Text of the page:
This program, developed by the New England Museum Association, was specifically designed for organizations run by volunteers or with a small number of paid staff.

The History Alliance, a project of Housatonic Heritage, was founded in early 2010 to serve as an informational and educational clearinghouse for history organizations in the Upper Housatonic Heritage area, in Northwest Connecticut and the Berkshires.  Fundraising and social media have been the subjects of recent History Alliance workshops, and these two important topics will also be covered in the Primer.  In addition, this program will address the following topics:

•Simple ways to record and organize your collection;

•Putting new life into old exhibits;

•Attracting school groups in the era of the MCAS, CMT and CAPT;

•Essential policies to preserve your collection;

•Attracting new visitors and volunteers;

•Raising money through activities, appeals and grants;

•Connecticut and Massachusetts non-profit reporting requirements;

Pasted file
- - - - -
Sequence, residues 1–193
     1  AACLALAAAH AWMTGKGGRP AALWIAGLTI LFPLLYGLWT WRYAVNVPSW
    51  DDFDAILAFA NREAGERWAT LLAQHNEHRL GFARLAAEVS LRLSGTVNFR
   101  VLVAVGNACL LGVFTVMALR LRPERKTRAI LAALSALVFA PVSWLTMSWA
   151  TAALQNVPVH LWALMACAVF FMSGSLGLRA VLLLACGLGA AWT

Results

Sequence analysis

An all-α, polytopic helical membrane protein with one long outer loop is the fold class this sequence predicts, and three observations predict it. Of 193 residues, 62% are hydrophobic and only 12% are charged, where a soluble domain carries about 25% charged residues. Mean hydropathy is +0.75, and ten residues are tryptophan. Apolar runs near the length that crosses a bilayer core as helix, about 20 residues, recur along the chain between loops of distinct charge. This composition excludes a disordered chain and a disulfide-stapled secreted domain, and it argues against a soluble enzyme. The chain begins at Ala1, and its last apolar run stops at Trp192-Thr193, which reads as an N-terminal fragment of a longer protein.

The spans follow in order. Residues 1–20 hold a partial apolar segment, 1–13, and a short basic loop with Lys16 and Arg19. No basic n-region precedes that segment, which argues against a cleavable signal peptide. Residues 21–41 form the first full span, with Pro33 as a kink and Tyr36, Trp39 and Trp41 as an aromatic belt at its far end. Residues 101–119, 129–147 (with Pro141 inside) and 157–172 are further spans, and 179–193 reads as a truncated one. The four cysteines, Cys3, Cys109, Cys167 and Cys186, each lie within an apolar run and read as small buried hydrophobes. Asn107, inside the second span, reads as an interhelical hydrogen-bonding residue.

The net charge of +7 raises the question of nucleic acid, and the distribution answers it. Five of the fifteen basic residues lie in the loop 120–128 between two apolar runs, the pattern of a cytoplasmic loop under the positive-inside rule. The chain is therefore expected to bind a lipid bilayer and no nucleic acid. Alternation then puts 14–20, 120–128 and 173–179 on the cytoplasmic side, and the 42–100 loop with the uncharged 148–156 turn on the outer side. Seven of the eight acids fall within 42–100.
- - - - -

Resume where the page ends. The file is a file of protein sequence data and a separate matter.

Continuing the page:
•The basic responsibilities of the museum board.

Each participating organization receives a significant collection of articles for further reading, bibliographies of books and web sites, and sample forms and policies.

A  registration fee of $40 is required for two-day conference, which includes coffee/tea and lunch on both days.  To register or to learn more about this conference, call 413-298-3468 or e-mail:

GB Historical on WSBS

Great Barrington is celebrating its 250th anniversary this year with events throughout 2011. The first event  pertains to Revolutionary War hero General Henry Knox and the Knox Trail which runs from Ticonderoga NY through Great Barrington to Boston.
As part of the event, Gary Leveille of GB Historical wrote and recorded a group of Henry Knox/Knox Trail trivia questions, which will be played twice per day on WSBS radio. A few of the multiple-choice questions are straightforward, but most have a “playful” element to them. The afternoon airing time varies, but one segment will be played each morning this week at 8:50 a.m.
You can hear him “live” each morning this week. Simply go to and click on LISTEN LIVE just before 8:50 AM any morning this week.
-Sent by Gary Leveille

See Housatonic Heritage site for Berkshire history related events

Housatonic Heritage maintains an events page on their site, which currently includes Arrowhead’s holiday candlelight tours, Mass MoCA’s Deedle Deedle Dees, the educational rock band, and other Berkshire events of interest to history lovers.   Keep us posted about your events, and we will post them there!

W.E.B. Dubois: A Life Examined, course offered in Gt. Barrington